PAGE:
Haight Funeral Home sets tradition with stone


June 25, 1996|By Sherry Graham | Sherry Graham,SPECIAL TO THE SUN

THEY SAY THAT EACH generation builds upon the foundations laid by those who came before. The Haight family of Sykesville has been doing just that since 1888, both literally and figuratively for five generations.

In 1888, James Randolph Weer opened a funeral home on Spout Hill Road in Sykesville and moved the business to the town's Main Street after his son, C. Harry Weer, joined him at the turn of the century. When James retired in 1932, Luther Haight began working at the funeral home and the Weer-Haight partnership was formed in 1951.

Luther Haight was instrumental in the decision to build the current facility, the Haight Funeral Home, on Route 32 in 1958. Luther's son Harry W. Haight joined the family business in 1960 and added to the building with the north end visitation rooms and garage in 1968.

Brian Luther Haight, Harry's son, joined the business in 1984 and is continuing the tradition with the largest addition to date.

Begun in October, the 6,000-square-foot addition is expected to be opened in three weeks.

A new visitation room, monument display room, office space, restrooms, three-car garage and an outdoor courtyard have been added. But the most impressive addition is a chapel with seating for 150 and expanded seating for about 300.

When considering what type of seating to place in the chapel, Brian had to look no further than the Sykesville church his grandparents had attended for many years. St. Paul's United Methodist Church completed extensive renovations in 1995 and could not use the pews which dated to the late 1800s.

Haight purchased those pews and stored them at nearby Springfield Hospital Center until last week when they were installed in the chapel.

"It means a lot to people to know that those pews are still in the community and are being used," said Brian. "Most of the pews were memorials to loved ones and are important to people."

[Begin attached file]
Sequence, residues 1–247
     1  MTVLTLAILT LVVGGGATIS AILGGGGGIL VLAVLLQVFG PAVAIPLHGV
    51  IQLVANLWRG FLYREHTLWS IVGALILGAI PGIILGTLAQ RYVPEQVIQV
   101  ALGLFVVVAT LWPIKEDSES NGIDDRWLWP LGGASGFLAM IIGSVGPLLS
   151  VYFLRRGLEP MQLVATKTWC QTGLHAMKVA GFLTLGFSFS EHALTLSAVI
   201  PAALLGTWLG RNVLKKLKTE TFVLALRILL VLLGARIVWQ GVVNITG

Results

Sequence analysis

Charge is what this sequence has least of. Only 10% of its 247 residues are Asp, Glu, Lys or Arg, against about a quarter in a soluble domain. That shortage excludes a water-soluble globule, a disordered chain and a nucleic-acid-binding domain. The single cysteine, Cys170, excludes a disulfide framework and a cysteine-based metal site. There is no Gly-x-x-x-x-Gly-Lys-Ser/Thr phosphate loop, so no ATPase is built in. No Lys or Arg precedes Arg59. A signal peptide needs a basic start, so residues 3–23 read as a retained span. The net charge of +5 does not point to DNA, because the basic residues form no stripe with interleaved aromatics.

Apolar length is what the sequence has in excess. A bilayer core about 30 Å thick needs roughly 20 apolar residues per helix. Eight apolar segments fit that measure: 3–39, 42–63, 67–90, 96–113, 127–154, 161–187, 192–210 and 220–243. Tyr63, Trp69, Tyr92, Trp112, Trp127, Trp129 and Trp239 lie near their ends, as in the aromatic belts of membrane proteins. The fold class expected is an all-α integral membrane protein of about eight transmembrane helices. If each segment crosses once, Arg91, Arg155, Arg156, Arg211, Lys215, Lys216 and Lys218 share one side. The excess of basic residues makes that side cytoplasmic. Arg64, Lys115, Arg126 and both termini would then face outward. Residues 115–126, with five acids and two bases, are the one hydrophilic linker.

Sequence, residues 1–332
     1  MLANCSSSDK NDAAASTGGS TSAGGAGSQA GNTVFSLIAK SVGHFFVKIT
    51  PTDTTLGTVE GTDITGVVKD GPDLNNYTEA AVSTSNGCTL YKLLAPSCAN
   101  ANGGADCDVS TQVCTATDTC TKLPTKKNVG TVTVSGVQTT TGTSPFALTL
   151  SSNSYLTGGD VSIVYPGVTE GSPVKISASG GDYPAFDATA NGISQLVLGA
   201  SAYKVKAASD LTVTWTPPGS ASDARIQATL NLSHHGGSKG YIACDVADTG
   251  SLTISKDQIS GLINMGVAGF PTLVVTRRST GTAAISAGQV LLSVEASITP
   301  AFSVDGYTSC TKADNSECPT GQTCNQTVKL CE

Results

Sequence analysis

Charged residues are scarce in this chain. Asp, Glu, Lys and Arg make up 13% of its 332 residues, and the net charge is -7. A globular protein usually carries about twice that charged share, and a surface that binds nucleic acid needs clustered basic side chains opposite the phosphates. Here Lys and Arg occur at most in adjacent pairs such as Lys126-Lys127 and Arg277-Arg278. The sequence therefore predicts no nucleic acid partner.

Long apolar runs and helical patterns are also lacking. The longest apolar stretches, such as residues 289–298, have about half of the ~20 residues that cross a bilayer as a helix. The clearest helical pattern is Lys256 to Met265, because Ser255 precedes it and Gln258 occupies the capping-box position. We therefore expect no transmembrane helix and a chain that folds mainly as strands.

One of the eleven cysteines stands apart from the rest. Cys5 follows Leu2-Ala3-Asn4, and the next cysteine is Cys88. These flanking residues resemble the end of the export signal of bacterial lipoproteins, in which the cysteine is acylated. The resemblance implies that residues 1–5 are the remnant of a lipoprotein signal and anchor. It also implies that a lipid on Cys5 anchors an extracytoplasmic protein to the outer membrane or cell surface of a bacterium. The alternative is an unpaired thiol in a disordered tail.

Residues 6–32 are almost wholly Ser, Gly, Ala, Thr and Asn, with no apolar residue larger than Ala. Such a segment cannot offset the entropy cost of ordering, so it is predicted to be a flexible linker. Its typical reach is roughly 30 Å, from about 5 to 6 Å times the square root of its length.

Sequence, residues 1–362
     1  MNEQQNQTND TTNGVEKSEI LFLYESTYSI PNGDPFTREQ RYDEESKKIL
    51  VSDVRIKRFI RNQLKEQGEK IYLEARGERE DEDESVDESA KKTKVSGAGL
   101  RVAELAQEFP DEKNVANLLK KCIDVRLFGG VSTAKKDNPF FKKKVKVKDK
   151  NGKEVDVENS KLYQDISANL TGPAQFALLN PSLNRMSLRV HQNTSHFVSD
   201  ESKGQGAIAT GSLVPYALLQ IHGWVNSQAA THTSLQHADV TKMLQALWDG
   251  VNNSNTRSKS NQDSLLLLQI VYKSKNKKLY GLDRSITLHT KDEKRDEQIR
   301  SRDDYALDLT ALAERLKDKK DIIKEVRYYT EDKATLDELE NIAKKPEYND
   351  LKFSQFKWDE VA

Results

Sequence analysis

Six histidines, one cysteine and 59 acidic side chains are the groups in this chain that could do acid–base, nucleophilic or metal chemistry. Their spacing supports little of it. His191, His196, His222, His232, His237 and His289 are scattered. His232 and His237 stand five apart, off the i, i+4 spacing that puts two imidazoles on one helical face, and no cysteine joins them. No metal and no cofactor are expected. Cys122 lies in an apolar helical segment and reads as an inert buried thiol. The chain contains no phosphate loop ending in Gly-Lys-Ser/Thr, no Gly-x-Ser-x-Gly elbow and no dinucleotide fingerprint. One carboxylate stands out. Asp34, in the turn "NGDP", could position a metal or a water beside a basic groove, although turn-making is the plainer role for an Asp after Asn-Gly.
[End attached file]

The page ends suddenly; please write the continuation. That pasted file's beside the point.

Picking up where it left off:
The memorial plates attached to the pews were removed and placed on a plaque hanging in the narthex at St. Paul's. Communion rails and ornate wooden screens, which once concealed the organ piping at the church, will be used to decorate the Haight chapel. The pulpit was designed to match the pews and rails.

"All the work on this building was done by local people," said Haight. "It was very important -- we wanted to keep the work in the community. The people in our community support us and we like to give back," he said.

Bible school carnival

If your children are looking for something to do that's a little out of the ordinary, visit the annual Vacation Bible School Carnival tomorrow at St. Stephen's Reformed Episcopal Church.

The outdoor event will be held from 2 p.m. to 4 p.m. and features lots of simple games for preschool and elementary children. Tickets are just 10-cents each and can be used for the games or to purchase snacks.

The children will win prizes for each game played, so be sure to bring along a bag to collect their treasurers. In the event of rain, the carnival will be held Thursday from 2 p.m. to 4 p.m.

Proceeds from the carnival will be used to help support a Christian kindergarten in Germany run by missionary Sue Brodish.

Students in the junior Sunday School class at St. Stephen's organize and run the carnival under the direction of Sunday School Superintendent Frances Frey. Their efforts have resulted several hundred dollars for the kindergarten in recent years.

Information: 795-1249.

Sign up for fall festival

Seems a bit early to be thinking about fall events, but folks in downtown Sykesville are already hard at work on their 23rd annual Fall Fest.

The event is scheduled for Oct. 5 from 9 a.m. to 5 p.m. Potential vendors are encouraged to apply soon to ensure their spaces.

Information: 781-6629.

Piney Run programs

The Nature Center at Piney Run Park consistently offers fun and educational programs for the entire family. Here are a few that are coming up.

Children 10 to 14 can take part in the Ecology Club Camp-over on Thursday night. The program includes dinner, learning to construct a ruck-sack from a pair of jeans, hiking and a night of camping.

The event begins at 2 p.m. on Thursday and ends at 9 a.m. Friday. Cost is $8 for members and $10 for nonmembers.

All ages are invited to learn about the snakes in our area. Tips about snakes' habits, life cycles and identifying poisonous types will be offered. Come to the Nature Center from 2 p.m. to 3 p.m. on July 6. No fee is charged.

Children ages 3 to 5 can learn about butterflies on July 10 from 2: 30 p.m. to 3: 30 p.m. A craft project is part of the program. Cost is $2 for members/$3 nonmembers.

A dried herbal kitchen arch could be the decoration you've been looking for. Learn to make one on July 10 from 7 p.m. to 9 p.m. at the center. Adults may participate and the cost is $2/members; $3/nonmembers.

Information: 795-6043.

Sherry Graham's Southeast Carroll neighborhood column appears each Tuesday in the Carroll County edition of The Sun.

Pub Date: 6/25/96

Baltimore Sun Articles
Please note the green-lined linked article text has been applied commercially without any involvement from our newsroom editors, reporters or any other editorial staff.